Their Descendants...Their Stories...Their Achievements

Lifting the Mists of History on Their Way of Life

By: Ethelene Dyer Jones

Monday, March 15, 2010

Thompson and Celia Self Collins Family (Part II)

With our nation celebrating Thanksgiving and our family members together for the traditional turkey feast and all its trimmings, this is a happy time. One of the items on my gratitude list is the marvelous heritage we enjoy, thanks to the sacrifices and hardships our ancestors endured. May we never take for granted the price they paid that we might enjoy freedom, plenty, and security. We can still learn much from their example. I hope we will never forget, ever be grateful.

We began in last week’s column to chronicle Thompson Collins (ca. 1785-ca. 1858) and his wife Celia Self Collins (ca. 1787-Sept. 3, 1880). He had large land holdings along the French Broad and Mills Rivers and McDowell’s Creek in Buncombe County, North Carolina. In 1822, a general migration of people from that area moved to Habersham County, Georgia. A paper on the migration given at “a lawn party” at the home of Henry Williams in Nacoochee Valley in 1822 lists sixty-two different families who made the migration and settled on lands they secured either by lottery or by purchasing from the Indians prior to their removal to western lands. Thompson and Celia Collins were not in this migration of 62 families originating mainly in Burke and Rutherford Counties, NC.

Two years later, in 1824, Thompson Collins purchased 250 acres of land in Habersham (now White) County, District Four, Land Lot 27. He paid $300 for the land to Daniel L. Richardson of Hancock County, Georgia. The latter probably received it in a land lottery, did not plan to move to the mountains, and sold it instead. Thompson and Celia lived on this land which is now where Loudsville Church is located in White County.

He added 250 acres to his holdings on December 1, 1827 when he purchased from R. M. Richardson of Walton County, GA in Land Lot 28, 4th District for $20.00.

Gold fever struck when nuggets were found at Duke’s Creek in 1828. Whether Thompson Collins ever dug for gold is uncertain. However records in the Habersham County Court house show that he sold fifty of the above-listed acres to Charles P. Gordon of Putnam County, Georgia from Lot # 27 “next to Collins Field” for gold mining. The price he received for the sale was $200.

Thompson Collins’ next land transaction was a purchase of 250 acres in Lot # 75, 4th District, from Averette Bonner of Putnam County for $100.

On February 9, 1831, three prospectors, Elijah Reid, James P. Heath and Michael Brown made a mortgage to Thompson Collins for $200 on parts of Land Lots 27 and 28, District 4, for the purpose of mining.

Another 250 acres was purchased May 18, 1831 from Thomas J. Rush in District 4, Lot # 71 for $150.00.

Collins sold to the said Reid, Heath and Brown for $400 in land lots 27 and 28, 250 acres, “except for 50 acres sold to Charles P. Gordon.”

Collins received from Lewis Clark to secure a debt of $846.30 which Clark owed him the following, delivered to him in person: Negro slaves: a woman named Betsy about 25 years old; Lucy, a girl about 16 years old; Henry, a boy about 8 years old; Patience, a girl about 6; Bill, a boy about 4. The slaves were delivered April 2, 1833 and the transaction was recorded in Habersham County records on August 15, 1833.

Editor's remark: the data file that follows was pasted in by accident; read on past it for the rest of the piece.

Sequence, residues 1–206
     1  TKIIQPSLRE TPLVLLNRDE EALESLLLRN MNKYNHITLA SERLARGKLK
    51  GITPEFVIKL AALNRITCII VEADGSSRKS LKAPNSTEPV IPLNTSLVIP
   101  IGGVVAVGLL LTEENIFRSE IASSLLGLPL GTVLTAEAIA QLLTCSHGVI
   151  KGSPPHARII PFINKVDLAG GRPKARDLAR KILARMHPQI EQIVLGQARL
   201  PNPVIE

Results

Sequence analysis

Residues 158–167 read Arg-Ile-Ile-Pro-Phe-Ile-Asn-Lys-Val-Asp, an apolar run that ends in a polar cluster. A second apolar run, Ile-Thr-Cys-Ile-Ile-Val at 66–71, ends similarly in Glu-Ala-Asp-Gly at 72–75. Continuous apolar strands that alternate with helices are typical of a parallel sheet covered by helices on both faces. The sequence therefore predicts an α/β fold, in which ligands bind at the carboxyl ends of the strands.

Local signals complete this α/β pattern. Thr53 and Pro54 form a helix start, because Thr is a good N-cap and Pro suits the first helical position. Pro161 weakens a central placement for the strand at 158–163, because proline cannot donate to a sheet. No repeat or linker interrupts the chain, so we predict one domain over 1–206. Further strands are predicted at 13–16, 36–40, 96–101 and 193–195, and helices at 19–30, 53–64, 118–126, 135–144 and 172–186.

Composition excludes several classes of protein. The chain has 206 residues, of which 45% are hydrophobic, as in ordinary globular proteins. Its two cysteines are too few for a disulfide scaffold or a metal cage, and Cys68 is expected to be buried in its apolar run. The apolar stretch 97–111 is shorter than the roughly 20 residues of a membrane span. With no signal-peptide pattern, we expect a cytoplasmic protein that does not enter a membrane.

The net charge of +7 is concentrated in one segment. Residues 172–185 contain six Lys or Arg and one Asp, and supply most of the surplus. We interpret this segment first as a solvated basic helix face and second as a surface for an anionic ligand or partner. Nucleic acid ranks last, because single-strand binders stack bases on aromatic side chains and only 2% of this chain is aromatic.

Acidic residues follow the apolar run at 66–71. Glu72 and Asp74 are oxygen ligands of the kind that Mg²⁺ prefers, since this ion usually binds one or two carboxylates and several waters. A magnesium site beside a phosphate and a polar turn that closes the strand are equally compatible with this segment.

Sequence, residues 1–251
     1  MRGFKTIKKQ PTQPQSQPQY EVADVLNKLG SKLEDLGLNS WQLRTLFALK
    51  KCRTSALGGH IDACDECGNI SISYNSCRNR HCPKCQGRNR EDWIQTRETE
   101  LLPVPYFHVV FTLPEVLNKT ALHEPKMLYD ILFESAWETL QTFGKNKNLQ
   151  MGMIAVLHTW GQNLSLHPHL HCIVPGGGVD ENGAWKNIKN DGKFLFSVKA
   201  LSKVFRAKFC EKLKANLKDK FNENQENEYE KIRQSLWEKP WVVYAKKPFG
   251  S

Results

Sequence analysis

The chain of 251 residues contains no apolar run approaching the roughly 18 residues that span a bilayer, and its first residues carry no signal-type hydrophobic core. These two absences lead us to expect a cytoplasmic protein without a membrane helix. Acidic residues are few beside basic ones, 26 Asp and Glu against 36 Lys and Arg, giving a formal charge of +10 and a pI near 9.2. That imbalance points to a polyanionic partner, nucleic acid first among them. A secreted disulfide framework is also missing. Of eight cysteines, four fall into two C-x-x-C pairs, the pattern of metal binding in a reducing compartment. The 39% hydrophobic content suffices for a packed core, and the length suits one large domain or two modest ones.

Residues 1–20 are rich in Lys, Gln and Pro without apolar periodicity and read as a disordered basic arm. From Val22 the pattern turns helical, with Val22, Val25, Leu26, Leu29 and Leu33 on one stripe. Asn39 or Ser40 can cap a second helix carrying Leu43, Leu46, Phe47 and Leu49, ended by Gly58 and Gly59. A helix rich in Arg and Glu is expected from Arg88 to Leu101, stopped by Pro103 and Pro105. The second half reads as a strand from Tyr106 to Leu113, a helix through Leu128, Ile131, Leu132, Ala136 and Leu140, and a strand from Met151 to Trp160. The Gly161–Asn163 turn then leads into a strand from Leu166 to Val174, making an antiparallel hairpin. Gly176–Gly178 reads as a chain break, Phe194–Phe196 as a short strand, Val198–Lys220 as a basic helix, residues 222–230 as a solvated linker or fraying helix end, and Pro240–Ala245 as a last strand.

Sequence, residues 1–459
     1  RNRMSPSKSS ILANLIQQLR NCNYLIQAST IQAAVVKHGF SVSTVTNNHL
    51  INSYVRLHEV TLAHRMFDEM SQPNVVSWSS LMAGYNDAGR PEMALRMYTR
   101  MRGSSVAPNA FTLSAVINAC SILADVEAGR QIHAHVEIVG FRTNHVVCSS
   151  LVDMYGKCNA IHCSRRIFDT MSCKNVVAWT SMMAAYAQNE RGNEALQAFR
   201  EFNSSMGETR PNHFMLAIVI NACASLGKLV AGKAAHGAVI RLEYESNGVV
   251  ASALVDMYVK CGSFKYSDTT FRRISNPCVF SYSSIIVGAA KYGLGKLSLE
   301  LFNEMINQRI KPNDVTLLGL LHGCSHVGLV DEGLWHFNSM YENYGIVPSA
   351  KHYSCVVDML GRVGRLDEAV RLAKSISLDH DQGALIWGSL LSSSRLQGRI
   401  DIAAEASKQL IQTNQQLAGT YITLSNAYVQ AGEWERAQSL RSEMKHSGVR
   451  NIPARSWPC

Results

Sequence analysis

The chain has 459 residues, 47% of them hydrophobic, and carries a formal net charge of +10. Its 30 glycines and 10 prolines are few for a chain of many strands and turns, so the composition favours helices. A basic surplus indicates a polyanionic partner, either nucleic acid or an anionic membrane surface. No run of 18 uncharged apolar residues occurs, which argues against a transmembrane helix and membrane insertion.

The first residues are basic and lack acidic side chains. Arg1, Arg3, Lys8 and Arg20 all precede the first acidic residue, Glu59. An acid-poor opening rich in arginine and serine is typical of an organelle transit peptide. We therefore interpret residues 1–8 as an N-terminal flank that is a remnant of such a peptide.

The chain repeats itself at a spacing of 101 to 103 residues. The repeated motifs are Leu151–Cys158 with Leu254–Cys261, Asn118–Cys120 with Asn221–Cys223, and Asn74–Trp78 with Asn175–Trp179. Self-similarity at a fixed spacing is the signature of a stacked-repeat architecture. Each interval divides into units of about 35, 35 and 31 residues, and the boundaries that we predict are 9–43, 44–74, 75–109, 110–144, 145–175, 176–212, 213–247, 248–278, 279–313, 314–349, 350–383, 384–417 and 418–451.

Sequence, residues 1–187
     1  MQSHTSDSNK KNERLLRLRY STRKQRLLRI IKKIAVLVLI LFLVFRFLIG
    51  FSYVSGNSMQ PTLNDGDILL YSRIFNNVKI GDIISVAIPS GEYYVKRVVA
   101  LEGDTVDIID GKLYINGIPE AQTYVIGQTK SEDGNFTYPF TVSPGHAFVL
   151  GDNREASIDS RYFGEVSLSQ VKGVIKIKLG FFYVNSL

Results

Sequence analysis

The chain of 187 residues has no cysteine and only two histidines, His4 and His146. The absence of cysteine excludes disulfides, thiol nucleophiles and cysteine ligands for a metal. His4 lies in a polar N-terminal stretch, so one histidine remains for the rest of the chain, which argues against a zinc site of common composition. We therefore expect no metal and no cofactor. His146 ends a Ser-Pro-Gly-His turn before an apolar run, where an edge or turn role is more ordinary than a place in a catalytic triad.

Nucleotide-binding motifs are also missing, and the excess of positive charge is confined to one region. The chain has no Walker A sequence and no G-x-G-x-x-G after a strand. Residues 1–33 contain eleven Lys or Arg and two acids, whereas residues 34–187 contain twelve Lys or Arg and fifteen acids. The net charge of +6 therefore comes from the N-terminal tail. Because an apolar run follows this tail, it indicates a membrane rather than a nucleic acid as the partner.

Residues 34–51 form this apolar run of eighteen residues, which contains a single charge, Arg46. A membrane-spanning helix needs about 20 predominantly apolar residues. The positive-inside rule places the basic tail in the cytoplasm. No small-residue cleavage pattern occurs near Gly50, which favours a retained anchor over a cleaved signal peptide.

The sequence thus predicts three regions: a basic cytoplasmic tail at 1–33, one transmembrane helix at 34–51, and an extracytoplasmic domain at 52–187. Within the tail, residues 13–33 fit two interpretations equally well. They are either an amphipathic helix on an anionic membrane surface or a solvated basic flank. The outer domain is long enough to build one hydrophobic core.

Thompson Collins and Henry Turner sold to Francis Logan parts of lots 45, 46 and 51 in District Four (Habersham) and lot 51 in Lumpkin County for $900. Jesse Souther and Olaf Collins were witnesses to the legal transaction. On part of this land, Francis Logan built the Logan Turnpike, a toll road that led from the Choestoe Valley in Union County across Tesnatee Gap and down into present-day White County. This toll road operated until Neal Gap Highway (Hwy 129) was opened in 1925.

The move across the mountain to Choestoe District occurred in the early 1830’s, possibly by the time Union County was formed in 1832. Thompson and Celia Collins were in the 1834 (first) Union County census. By the 1849 tax digest, Thompson Collins owned land in Union, Gilmer, Habersham, and Lumpkin Counties. In District 16 of Union County he owned 2,270 acres. Current owners of land in Lots 82, 95, 96, 112, 117, 118, 121 and 134 in Union County have land once owned by Thompson Collins. In 1849 he owned seven slaves and in 1850 five slaves. It is believed that, upon their deaths, some of these slaves were interred in the Old Choestoe Cemetery, Union County.

The Thompson Collins family made their home on land along Choestoe Creek. Six of their ten children were born in Buncombe County, NC before they moved to Habersham County, Georgia. The remaining four were born in Georgia. Children and their spouses were: Archibald Collins (1811) married Mary “Polly” Nix (1818); Sarah “Sallie” Collins (1812) married Jarrett Turner (1806); Elizabeth “Betsy” Collins (1814-1856) married James Nix (1812); Francis (Frank) Collins (1816-1846) married Rutha Nix (1822-1893); Thompson “Thompie” Collins (1818) married Sarah “Sallie” Ingram (1817); Ruth Collins (1820) married Jacob “Jake” Butt (1808); Celia Collins (1826) married James West (1812); Nancy Collins (1829-1888) married John Combs Hayes Souther (1827-1891); Olive Collins (1831-1853) married Robert “Bob” McCoy (1826); and Ivan Kimsey Collins (1835-1901) married Martha J. Hunter (1840-1920).

In 1834 the first extant minutes of Choestoe Baptist Church list Thompson and Celia Collins as members. They were interred in the Old Choestoe Church Cemetery where descendants erected a monument in recent years on which the names of the couple’s children are listed.

c2004 by Ethelene Dyer Jones; published November 25, 2004 in The Union Sentinel, Blairsville, GA. Reprinted by permission. All rights reserved.

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